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Hummingbirds will soon make their way back to North Carolina after wintering in Central America. Welcome them to your house by providing their favorite plants and the right food in the right places.
Think like a hummingbird. They spend a great deal of their life in the tropics living in the tree canopies. Providing them a similar habitat will increase the chances of them setting up housekeeping in your backyard. They usually return in March.
The male hummingbird usually arrives two to three weeks before the females. The males scout for suitable places, i.e. food, water and shelter. Males are attracted to bright red flowers like those on the native honeysuckle.
Later in the summer, babies prefer flowers such as Salvia quaranitica, or blue sage, which are blue. Planting a variety of flowers that provide nectar all summer long will ensure an appropriate area for breeding.
Other recommended plants are red flowering chestnut, abelias, summer phlox, chaste tree, columbine, cardinal flower, bee balm, red hot poker, hibiscus, candy lilies and most salvias.
In addition to planting appropriate flowers, provide stable artificial nectar sources. Have a feeder present and ready during migration, or they will fly right by. Place a few feeders in the open for males, but put twice as many in the tree canopy for females. That way the females don’t have to compete with the males for food and then are usually successful at raising a new brood.
Females usually look for wooded areas near nectar sources for nesting. Nests are usually found between 12 and 18 feet above the ground. Feeders should be placed this high from the ground just inside the canopy.
One way to hang the feeder is to take a wire shaped “S” and hang it on a tree branch. Attach a large wire loop to the feeder for easy hanging. You can use a pole with a coat hanger hook to hang it. Feeders should be kept up year around in North Carolina. Birds will leave the area where feeders are not well maintained.
I like to mix three parts sugar to one part water when they first arrive and then switch to four parts water and one part sugar for the best mix to put in feeders. The mix should be boiled for a few minutes and then cooled (this can be done in the microwave).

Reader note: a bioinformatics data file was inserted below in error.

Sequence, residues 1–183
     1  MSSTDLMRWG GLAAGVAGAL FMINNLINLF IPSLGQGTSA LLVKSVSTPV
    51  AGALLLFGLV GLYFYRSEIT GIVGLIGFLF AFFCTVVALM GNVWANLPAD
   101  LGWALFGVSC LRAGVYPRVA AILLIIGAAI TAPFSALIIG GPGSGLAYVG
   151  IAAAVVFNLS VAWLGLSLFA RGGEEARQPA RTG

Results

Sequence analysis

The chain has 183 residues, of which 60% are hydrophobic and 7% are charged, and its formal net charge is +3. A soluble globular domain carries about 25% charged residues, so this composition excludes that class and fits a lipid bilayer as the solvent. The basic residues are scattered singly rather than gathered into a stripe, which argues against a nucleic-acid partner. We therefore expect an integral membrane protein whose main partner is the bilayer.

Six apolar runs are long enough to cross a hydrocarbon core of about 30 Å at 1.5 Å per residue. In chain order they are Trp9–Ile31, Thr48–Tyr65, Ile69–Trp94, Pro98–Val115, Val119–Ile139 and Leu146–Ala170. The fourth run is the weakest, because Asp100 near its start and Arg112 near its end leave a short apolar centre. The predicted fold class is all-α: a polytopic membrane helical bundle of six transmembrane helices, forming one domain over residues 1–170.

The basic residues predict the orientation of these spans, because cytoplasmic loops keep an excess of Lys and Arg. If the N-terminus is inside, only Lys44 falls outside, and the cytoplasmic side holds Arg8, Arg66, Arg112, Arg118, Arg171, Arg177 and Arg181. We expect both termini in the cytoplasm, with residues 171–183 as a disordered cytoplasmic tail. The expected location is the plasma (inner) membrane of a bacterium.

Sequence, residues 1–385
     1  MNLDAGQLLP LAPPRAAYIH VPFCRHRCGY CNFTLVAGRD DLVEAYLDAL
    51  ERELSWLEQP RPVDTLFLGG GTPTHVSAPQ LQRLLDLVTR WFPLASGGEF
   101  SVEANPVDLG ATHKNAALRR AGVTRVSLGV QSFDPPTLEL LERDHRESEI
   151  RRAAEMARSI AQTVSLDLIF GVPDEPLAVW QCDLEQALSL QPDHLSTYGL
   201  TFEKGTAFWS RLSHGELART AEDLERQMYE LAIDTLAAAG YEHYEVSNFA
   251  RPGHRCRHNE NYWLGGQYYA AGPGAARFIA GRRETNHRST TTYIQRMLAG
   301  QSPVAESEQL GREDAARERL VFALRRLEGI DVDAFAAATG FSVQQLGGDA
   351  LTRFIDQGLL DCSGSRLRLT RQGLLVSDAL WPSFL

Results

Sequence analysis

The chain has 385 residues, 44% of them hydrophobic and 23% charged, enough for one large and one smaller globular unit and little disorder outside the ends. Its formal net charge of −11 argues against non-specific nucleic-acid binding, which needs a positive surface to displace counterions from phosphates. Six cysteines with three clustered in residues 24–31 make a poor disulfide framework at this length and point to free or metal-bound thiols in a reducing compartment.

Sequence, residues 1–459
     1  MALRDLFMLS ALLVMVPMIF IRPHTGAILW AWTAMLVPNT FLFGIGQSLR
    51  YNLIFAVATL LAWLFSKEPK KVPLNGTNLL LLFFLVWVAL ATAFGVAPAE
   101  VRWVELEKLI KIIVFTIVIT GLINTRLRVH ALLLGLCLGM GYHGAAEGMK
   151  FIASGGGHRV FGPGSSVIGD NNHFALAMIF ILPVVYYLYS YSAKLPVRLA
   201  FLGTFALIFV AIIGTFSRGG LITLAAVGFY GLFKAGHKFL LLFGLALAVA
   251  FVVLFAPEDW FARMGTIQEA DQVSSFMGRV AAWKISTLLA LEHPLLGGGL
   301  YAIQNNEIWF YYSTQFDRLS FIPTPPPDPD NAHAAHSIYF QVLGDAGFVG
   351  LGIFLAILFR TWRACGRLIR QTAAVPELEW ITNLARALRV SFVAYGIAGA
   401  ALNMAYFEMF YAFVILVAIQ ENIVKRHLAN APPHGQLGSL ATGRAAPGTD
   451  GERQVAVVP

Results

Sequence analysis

Never add fruit juice, honey or red dye. Hummingbirds get their daily protein by eating gnats and tiny flies, so they really do not need any extra in the nectar solution. A clean feeder is always a welcome sight for hummingbirds. Hummingbird feeders should be cleaned every two to three days. Insects introduce bacteria to them. This can sicken or kill the birds. To limit this problem only fill feeders half way and replace solution every second or third day.
To clean feeders, dump the leftover food, wash thoroughly by rinsing three or four times before refilling. If really dirty, place feeders in boiling water for a few minutes. Never use bleach. You have to be a good steward with feeders, so be consistent and your hummingbirds will reward you with a healthy population and many more birds that rerun each year.
Put a shallow ceramic birdbath with water less than half an inch at five to six feet off the ground in full sun, too. Be sure to clean and refill on a regular basis.
Send your gardening questions or comments to: Brunswick County Master Gardener Column, P.O. Box 109, Bolivia, NC 28422, or call 253-2610. Enclose a self-addressed stamped envelope if requesting information or a reply. Answers may be printed in this column.